Prof. Xiaolin Zhou: Explaining Individual Differences in Advantageous Inequity Aversion by Social-Affective Trait Dimensions and Family Environment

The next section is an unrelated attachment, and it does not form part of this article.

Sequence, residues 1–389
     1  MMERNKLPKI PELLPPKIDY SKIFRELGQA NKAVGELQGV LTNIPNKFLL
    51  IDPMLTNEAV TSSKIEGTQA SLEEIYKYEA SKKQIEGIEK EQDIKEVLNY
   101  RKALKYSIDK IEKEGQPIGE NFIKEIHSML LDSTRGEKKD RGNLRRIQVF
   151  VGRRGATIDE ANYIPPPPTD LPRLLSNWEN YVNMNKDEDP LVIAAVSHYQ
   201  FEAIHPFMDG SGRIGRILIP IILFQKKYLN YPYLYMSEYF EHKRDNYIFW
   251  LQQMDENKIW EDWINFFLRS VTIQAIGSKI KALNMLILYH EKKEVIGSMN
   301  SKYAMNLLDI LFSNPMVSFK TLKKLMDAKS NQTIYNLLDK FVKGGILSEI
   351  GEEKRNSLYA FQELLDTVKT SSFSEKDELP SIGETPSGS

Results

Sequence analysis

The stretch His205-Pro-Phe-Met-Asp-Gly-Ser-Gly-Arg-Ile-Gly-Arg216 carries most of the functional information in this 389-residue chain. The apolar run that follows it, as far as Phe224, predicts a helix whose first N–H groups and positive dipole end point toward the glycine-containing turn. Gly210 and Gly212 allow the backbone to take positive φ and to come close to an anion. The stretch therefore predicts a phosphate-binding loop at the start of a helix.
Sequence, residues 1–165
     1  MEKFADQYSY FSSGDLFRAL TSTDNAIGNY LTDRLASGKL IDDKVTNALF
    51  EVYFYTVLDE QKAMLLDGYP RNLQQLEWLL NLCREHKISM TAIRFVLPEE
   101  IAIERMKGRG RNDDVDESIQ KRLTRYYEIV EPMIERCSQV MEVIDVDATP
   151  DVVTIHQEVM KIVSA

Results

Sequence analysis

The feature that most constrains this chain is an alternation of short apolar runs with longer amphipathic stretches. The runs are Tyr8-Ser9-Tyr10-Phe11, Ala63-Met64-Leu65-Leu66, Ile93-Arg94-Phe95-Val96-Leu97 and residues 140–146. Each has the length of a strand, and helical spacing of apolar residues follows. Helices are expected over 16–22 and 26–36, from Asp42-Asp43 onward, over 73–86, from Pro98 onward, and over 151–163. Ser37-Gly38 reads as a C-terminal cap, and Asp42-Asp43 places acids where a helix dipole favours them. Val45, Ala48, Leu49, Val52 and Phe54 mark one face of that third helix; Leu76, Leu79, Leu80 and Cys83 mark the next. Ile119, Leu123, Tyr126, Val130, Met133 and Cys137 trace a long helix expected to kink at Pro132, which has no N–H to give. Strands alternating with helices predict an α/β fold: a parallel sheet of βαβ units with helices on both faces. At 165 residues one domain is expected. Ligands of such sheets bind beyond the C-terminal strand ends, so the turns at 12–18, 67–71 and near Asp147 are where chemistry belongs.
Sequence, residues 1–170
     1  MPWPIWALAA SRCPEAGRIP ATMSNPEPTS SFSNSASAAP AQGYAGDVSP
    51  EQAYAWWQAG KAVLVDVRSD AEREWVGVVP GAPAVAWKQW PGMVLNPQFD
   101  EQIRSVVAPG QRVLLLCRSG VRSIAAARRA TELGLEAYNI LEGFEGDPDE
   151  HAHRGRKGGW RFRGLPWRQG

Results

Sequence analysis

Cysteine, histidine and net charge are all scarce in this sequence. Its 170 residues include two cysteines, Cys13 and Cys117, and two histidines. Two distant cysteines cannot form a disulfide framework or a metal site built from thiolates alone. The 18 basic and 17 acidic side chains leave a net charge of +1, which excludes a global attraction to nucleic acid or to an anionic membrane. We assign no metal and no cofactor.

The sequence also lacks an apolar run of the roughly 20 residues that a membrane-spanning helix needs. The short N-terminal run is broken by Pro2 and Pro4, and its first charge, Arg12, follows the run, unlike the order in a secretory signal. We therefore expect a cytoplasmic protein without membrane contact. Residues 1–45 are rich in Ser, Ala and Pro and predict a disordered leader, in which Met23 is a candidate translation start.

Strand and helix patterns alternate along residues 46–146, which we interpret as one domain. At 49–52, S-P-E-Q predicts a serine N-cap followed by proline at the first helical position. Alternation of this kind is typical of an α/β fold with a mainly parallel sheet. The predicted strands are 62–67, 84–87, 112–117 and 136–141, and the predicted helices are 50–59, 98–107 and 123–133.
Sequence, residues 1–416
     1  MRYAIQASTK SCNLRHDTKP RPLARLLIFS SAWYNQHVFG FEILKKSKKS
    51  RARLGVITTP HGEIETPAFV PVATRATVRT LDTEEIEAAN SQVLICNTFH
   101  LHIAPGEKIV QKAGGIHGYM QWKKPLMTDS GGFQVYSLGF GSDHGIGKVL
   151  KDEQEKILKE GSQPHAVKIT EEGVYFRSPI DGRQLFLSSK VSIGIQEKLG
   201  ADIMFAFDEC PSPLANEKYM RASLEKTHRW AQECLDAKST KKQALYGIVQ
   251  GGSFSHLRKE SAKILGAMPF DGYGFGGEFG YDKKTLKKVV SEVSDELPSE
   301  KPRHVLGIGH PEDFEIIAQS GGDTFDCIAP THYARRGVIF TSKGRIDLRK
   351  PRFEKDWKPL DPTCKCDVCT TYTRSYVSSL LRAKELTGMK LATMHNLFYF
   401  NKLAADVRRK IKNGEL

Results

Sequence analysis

Humans are averse to both having less (i.e., disadvantageous inequity aversion [IA]) and having more than others (i.e., advantageous IA). However, the social-affective traits that drive individual differences in IA are not well understood. Here, by combining a modified dictator game and a computational model, we found in a sample of incarcerated adolescents (N = 67) that callous-unemotional traits were specifically associated with low advantageous but not disadvantageous IA. We replicated and extended the finding in a large-scale university student sample (N = 2,250) by adopting a dimensional approach to social-affective trait measures. We showed that advantageous IA was strongly and negatively associated with a trait dimension characterized by callousness and lack of social emotions (e.g., guilt and compassion). A supportive family environment negatively correlated with this trait dimension and positively with advantageous IA. These results identify a core set of social-affective dimensions specifically associated with advantageous IA.

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